Part of a Persian period pit produced a perplexing prize find. It was discovered at the end of our 13th season (1993) at Tel Dor.a
Persian period pits (fifth-fourth century B.C.E.) are ubiquitous in Palestinian tells. Why, just at this time, it was so popular to dig pits is not clear. But they are everywhere. They wereused to store grain and other agricultural products, and as a final resting place for broken and old cult objects like figurines (a favissa). What is clear is that they often disturb the stratigraphy of the site, for they extend down into earlier strata, but belong to a higher stratum. The excavator must be careful to identify the pit and its contents with the higher stratum.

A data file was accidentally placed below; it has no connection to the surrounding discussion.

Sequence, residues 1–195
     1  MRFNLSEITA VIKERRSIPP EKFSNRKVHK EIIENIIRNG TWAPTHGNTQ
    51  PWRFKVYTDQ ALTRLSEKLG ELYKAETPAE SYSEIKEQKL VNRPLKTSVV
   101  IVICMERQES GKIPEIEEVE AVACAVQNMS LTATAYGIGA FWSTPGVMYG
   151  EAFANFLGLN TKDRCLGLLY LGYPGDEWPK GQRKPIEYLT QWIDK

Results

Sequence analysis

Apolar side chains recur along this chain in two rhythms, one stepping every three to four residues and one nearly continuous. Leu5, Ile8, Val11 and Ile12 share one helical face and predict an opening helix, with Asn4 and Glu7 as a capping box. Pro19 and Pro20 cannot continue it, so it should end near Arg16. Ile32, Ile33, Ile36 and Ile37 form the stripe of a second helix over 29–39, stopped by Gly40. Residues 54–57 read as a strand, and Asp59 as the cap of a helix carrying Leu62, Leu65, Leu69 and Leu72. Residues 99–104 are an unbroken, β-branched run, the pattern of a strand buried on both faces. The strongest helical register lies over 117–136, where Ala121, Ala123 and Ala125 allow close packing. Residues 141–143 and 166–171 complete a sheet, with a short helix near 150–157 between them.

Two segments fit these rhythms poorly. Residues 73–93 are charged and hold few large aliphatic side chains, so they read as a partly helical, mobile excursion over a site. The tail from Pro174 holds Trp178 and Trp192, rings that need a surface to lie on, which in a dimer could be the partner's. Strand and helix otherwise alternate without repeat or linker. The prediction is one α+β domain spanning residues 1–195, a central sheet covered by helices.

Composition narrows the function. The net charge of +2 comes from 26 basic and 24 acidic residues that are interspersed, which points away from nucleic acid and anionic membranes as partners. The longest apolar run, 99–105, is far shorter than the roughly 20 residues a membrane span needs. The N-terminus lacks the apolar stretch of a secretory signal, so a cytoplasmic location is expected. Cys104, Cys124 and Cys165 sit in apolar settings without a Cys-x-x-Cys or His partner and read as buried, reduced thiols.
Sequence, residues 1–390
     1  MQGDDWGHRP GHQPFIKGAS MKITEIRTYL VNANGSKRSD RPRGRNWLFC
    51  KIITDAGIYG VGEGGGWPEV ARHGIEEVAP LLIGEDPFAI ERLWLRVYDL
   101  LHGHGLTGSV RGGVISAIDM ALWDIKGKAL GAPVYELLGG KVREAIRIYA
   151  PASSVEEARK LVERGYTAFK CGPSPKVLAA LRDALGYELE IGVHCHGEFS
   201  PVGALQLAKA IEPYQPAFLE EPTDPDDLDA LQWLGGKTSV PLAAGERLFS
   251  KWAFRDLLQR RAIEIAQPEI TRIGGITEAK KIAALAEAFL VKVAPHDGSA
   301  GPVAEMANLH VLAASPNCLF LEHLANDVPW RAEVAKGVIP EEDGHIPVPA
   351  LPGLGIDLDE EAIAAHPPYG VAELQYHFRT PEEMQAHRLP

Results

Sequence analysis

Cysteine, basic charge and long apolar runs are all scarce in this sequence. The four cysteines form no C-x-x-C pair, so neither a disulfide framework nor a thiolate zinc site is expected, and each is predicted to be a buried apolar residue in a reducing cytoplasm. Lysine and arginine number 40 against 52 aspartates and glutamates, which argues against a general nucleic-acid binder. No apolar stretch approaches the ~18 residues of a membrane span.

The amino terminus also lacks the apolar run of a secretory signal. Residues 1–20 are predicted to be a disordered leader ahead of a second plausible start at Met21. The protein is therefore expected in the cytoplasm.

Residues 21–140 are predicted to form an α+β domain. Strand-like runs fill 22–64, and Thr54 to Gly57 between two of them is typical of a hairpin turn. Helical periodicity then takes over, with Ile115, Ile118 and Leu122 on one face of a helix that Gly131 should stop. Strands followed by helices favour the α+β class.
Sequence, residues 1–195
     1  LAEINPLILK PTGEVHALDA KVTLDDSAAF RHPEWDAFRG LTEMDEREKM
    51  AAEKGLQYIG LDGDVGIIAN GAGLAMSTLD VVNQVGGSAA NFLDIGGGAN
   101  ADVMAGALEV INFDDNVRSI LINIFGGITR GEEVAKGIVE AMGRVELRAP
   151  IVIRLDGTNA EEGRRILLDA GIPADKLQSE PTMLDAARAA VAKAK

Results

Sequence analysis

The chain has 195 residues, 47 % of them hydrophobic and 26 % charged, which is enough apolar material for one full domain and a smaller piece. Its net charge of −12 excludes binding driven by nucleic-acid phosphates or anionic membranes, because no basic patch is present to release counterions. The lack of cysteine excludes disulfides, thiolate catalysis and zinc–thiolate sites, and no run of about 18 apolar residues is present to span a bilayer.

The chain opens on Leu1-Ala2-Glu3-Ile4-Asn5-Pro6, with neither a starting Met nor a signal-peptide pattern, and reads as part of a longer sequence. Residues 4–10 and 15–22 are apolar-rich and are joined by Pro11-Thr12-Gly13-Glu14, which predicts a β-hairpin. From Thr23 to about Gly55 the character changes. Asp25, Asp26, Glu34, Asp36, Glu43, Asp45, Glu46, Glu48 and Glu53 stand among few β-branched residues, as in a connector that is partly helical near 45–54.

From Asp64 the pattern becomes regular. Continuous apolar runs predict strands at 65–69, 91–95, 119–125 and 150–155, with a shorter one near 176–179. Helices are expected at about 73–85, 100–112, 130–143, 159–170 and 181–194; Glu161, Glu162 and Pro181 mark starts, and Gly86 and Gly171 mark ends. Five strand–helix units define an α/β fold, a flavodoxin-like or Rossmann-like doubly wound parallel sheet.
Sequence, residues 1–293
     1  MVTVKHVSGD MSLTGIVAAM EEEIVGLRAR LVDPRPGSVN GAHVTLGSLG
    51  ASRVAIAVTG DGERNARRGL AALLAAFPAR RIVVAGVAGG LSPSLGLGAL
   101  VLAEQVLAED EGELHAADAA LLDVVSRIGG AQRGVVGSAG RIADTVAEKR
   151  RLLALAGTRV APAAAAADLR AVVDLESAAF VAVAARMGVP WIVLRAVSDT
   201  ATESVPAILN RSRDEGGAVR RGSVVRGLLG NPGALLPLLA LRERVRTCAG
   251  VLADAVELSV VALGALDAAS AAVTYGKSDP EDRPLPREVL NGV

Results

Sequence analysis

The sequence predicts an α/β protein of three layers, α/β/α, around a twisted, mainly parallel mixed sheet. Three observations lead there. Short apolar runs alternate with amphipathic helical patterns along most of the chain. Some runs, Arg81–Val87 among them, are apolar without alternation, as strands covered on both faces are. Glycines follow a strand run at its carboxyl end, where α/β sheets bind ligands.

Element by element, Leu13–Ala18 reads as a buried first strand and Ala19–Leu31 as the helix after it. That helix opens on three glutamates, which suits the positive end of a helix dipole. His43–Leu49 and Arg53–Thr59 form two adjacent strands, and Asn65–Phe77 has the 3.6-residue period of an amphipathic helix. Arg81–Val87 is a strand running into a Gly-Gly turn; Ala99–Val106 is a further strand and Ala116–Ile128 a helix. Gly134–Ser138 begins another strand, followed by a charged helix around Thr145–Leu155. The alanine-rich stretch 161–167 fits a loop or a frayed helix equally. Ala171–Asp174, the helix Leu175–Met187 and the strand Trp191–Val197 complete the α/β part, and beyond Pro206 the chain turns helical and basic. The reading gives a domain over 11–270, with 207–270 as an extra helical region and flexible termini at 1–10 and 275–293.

This particular pit, about two feet deep in our area D2, had already been identified and had yielded several interesting finds—a faience amulet depicting an Egyptian god used as an apotropaic (to ward off evil) on a necklace; an ostracon (an inscribed potsherd) with three lines of text that may have identified the contents of the jar;1 and the usual Dor pottery of the period, both imported Greek and local Phoenician.